Try doing something kind for someone “just because” — i.e. not because it’s their birthday, or a holiday, or an anniversary — and you’ll likely find them scratching their head, wondering whether something’s gone awry.
That’s what happened when Maria Shriver, the 63-year-old author of I’ve Been Thinking …Reflections, Prayers, and Meditations for a Meaningful Life and host of the new podcast Meaningful Conversations with Maria Shriver, received an out of the blue affectionate text from son Patrick Schwarzenegger. “My son last week sent me a note that said, ‘Hey! Just wanted to check in on you and say, ‘I love you,’” she told People. “And I was like, ‘Do you need something?’ and he was like, ‘No.’ I was like, ‘[Do you] want something?’ and he was like, ‘No.’”
After interrogating the potential reasons for his surprise text, she let the pleasure of the experience sink in. “He was just sending me a text to say he loved me and it changed my whole day,” Shriver told the magazine. “I was like, ‘Wow, that is such a gift, thank you.’ If you had asked me at 20 if that is what would make me feel loved I would be like, ‘What?!’ But these are the things that one learns and brings you peace.”
Experts agree that unexpectedly checking in with loved ones provides benefits beyond a happy surprise:
Unexpected check-ins are more powerful than planned ones
Sonja Lyubomirsky, Ph.D., a psychology professor at the University of California, Riverside and author of The How of Happiness, tells Thrive Global that Schwarzenegger’s unexpected check-in was particularly powerful for its sweet spontaneity. “Acts of kindness are more powerful when we do them spontaneously because it means we are not doing them for some strategic reason (e.g., to get the other person to like us or to reciprocate later),” she says. “When acts of kindness are done ‘just because’, they are more likely to come from the heart.”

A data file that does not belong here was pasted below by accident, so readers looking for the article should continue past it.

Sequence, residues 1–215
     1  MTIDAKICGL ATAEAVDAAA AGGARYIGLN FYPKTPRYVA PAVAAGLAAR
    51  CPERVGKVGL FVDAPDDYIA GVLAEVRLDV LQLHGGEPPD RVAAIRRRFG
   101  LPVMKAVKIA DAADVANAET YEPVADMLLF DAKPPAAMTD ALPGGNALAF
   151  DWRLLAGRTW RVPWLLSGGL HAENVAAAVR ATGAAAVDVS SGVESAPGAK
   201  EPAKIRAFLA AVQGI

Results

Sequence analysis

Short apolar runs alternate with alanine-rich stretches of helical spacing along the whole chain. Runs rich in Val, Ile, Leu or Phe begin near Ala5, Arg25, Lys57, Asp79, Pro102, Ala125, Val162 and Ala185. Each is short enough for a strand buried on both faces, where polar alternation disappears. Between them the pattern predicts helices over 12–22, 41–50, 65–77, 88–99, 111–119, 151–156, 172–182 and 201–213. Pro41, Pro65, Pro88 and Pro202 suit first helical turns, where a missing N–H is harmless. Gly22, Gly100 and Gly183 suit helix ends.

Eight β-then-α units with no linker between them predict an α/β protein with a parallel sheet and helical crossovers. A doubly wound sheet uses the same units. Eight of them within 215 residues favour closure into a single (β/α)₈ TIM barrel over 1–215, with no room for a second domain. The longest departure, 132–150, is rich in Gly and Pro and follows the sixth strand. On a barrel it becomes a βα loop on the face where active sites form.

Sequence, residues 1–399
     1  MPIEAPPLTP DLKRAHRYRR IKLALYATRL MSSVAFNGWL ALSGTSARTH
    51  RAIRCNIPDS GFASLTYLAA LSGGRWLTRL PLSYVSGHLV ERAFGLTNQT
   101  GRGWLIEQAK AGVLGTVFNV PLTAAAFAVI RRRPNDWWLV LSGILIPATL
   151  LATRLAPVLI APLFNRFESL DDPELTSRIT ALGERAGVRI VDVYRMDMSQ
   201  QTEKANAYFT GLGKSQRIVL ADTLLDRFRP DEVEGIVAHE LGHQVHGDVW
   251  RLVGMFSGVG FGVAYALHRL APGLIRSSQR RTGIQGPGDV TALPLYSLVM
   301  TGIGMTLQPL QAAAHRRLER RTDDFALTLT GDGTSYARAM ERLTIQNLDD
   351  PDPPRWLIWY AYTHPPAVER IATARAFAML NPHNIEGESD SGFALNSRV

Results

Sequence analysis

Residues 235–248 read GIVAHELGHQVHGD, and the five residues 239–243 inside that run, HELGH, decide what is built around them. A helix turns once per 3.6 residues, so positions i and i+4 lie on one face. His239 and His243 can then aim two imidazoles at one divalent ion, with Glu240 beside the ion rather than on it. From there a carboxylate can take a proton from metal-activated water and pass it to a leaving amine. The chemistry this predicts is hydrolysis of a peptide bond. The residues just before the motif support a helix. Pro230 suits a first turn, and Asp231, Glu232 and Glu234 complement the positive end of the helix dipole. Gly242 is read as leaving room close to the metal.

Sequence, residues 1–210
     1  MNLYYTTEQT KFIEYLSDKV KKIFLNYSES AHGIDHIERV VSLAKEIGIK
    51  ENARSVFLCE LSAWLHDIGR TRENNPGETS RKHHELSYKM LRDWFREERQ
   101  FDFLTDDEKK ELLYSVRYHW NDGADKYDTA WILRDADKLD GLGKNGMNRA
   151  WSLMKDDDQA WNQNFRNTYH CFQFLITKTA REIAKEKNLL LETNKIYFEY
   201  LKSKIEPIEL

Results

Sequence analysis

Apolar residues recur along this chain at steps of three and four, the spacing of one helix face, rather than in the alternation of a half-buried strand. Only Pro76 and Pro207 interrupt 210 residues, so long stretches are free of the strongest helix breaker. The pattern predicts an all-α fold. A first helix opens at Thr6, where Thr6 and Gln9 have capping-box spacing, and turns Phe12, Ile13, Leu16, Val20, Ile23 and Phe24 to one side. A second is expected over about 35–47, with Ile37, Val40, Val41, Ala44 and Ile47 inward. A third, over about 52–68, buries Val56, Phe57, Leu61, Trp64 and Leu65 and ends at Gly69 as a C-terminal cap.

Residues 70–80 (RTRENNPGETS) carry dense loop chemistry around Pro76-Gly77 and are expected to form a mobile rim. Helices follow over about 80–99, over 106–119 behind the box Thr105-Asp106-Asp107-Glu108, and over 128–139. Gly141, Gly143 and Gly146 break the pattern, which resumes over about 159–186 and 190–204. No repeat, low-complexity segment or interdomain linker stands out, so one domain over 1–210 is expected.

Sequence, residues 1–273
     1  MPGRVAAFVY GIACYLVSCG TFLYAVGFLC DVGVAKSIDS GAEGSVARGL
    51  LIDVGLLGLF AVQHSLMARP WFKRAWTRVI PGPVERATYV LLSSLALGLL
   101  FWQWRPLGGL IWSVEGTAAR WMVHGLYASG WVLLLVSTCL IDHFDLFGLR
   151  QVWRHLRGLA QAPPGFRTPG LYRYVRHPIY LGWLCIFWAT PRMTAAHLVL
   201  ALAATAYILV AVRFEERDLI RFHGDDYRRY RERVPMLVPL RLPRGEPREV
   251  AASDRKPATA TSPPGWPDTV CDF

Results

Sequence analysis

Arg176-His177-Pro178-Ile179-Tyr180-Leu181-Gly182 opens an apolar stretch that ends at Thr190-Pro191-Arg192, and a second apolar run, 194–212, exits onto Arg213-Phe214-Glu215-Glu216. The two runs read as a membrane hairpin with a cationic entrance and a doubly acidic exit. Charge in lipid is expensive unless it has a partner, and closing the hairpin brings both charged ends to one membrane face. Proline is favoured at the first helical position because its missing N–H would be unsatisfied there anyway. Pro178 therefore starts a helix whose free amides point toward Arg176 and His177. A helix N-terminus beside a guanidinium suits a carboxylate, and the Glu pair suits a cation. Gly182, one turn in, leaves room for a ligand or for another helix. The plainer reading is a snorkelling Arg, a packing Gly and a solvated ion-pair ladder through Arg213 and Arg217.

Checking in “just because” can help someone who’s silently struggling
The importance of surprise check-ins with our loved ones was thrown into harsh relief last summer when celebrity chef Anthony Bourdain and fashion designer Kate Spade died by suicide. A clarion call sounded across social media platforms urging all of us to check in on friends and relatives, “just because,” even if they haven’t exhibited signs of distress, because you never really know what someone is up against, or whether they’re silently struggling.
“Our brains are hardwired to connect with one another,” says Dawna Markova, Ph.D., a cognitive and educational psychologist and author of Reconcilable Differences: Connecting in a Disconnected World, but we tend to retreat into our individual orbits to avoid social judgement from one another, especially if we’re struggling with mental illness, she says. “Go back to what’s innate,” she encourages: “Reach out and ask a simple open question like, ‘What’s it like to be you right now?’”
Like Schwarzenegger, you’ll make the person feel loved and less alone in the world.
A spontaneous act of kindness benefits our own happiness, too
Shriver wasn’t the only one to benefit from Schwarzenegger’s surprise note of affection. Several studies indicate that he’ll reap rewards related to his own mental health for acting on his love and affection. Myriam Mongrain, Ph.D., a professor of psychology at York University who studies compassion and well-being, tells Thrive Global: “Random acts of kindness have been empirically related to boosts in happiness,” she says, citing one of her studies on the practice’s power to alleviate symptoms of depression, and another on how compassion boosts happiness and self-esteem. (Research indicates that expressed affection also improves happiness, self-esteem, and relationship satisfaction.)
“The reason it makes us feel good may lie in its self-transcendent properties,” she says. “For a moment, we are free from our own worries and preoccupations. Making life better for someone is highly rewarding and probably has served an important evolutionary function.”
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